Our regular column devoted to readers’ hints and tips about their recording equipment, instruments, software and playing techniques.
If you have discovered any special techniques or tricks on your instruments or recording equipment that might help other readers, send them to us. The sender of the best tip each month will win a prize. This month we are awarding 2 FREE Rendar mains interference filters.
Here's a tip by Lowell Levinger that I read about in 'The Interface', the newsletter for Passport software owners, telling how you can transfer Master Tracks Pro MIDI files between the Atari 1040ST and Mac Plus computers.
You can dump data from any MIDI sequencer to Master Tracks Pro in real-time, recording all MIDI channels on one track simultaneously. Then you can use the 'Strip Data' command from the Change menu to separate the channels one by one, pasting them onto their own empty track.
If both computers are not in the same location, however, you can use 'modems' to send MIDI files back and forth over the telephone network. They should be sent and received as XMODEM files. On the Macintosh end, you need to disable Mac Binary format to send data as a standard XMODEM file. Some communications programs (like Red Ryder) don't recognise MIDI files when Mac Binary is disabled. Other programs (like Microphone) do. You need to use one that does. (Your MIDI files show up in the 'Open' or 'Send' dialogue of the modem program, available for selection.)
When sending from Mac to Atari, name the incoming Atari file, making sure that the filename extension (the three letters after the full stop) says 'MID'. An example would be MIDITEST.MID. Master Tracks Pro for the Atari looks for the .MID suffix to identify a MIDI file. Then just 'Import' the file and you're in business.
It's not quite as easy sending from the Atari to the Macintosh. You still want to send and receive as an XMODEM file with Mac Binary disabled, but the Mac operating system is going to think the MIDI file is a text file. To avoid this you need to change the Type and Creator of the file and you need a special program to do that! One such program is a desk accessory called Developer's Tool by David Berry, (Contact Details). Another program that will do this is ResEdit from Apple Computers themselves. With either program, select the file in question and 'Get Info'. You will then be presented with the opportunity to change the Type and Creator. Change the Type to "Midi" and just leave the Creator blank (upper and lower case letters are meaningful here). Save the file and you will then be able to 'Import' it.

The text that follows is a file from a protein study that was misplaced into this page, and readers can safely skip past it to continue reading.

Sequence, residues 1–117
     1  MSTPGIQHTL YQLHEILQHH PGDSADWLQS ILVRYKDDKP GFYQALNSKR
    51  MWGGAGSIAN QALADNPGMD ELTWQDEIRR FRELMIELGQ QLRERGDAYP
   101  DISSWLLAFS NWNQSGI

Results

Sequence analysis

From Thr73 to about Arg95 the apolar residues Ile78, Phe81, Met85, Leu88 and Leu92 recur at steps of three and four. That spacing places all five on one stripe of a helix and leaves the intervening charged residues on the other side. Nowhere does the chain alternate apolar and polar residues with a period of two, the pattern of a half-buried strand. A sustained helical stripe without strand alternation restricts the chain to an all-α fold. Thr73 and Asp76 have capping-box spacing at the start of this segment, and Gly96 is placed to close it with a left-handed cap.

Greg Morrison, Birmingham.
Here is a real time-saving tip for Yamaha TX81Z owners:
If you use your TX81Z slaved to a sequencer in Performance mode, you'll be glad to learn that there is no need to stop everything in order to edit a voice. Simply press 'Edit' on the TX81Z, select the required parameter and make the necessary changes. The TX81Z will continue playing whilst you do this and you can hear how your changes affect the sound without having to stop and restart the sequencer. Also, the changes are 'read' by the TX81Z without causing drones or digital stuttering.
Eugene Braack, South Africa.
We all know that the Yamaha QX21 isn't the hottest machine when it comes to editing, and dropping-in a part halfway through a track can be a real headache because the sequencer requires each bar from the beginning to the start of your drop-in to be filled, even if it's only with empty space. Chucking the QX21 into real-time record mode and then sitting around waiting to add that orchestral blast at bar 75 can be frustrating and time-consuming.
To get around this, simply throw the sequencer into step-time record mode instead and then scroll through the music, using the +1 key, to the point at which you wish to start recording, then hit the STOP key. This has the effect of adding in blank bars as quickly as you would usually scroll through an already-occupied track.
This next tip may be completely obvious, but you know when you come to do that final CHAIN or INSERT to round off your song, and that dreaded 'FL' sign comes up in the display to tell you that you've not left enough memory space? Well, rather than going off and liquidising the cat or flushing the QX21 down the toilet, just try using Job D1 to retrieve the Temporary Buffer contents onto track 1. If you are in the habit of quantising your music, you are likely to find a lot of unnecessary data which has been automatically stored in this Buffer the last time you auto-corrected something.
If it's there, then erase it and repeat Job D1 to return the contents of track 1 to their rightful place, thus liberating a good 10% or more of memory space which you can then use to complete your song.
Gareth Hobbs, Macclesfield.
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